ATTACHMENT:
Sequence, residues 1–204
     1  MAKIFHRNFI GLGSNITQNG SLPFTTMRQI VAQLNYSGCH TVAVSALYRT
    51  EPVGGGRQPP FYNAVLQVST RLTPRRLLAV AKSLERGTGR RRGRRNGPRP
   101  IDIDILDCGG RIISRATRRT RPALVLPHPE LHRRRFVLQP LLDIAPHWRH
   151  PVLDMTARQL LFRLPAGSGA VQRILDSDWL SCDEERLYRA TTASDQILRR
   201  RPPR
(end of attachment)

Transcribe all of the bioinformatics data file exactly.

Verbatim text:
Sequence, residues 1–204
     1  MAKIFHRNFI GLGSNITQNG SLPFTTMRQI VAQLNYSGCH TVAVSALYRT
    51  EPVGGGRQPP FYNAVLQVST RLTPRRLLAV AKSLERGTGR RRGRRNGPRP
   101  IDIDILDCGG RIISRATRRT RPALVLPHPE LHRRRFVLQP LLDIAPHWRH
   151  PVLDMTARQL LFRLPAGSGA VQRILDSDWL SCDEERLYRA TTASDQILRR
   201  RPPR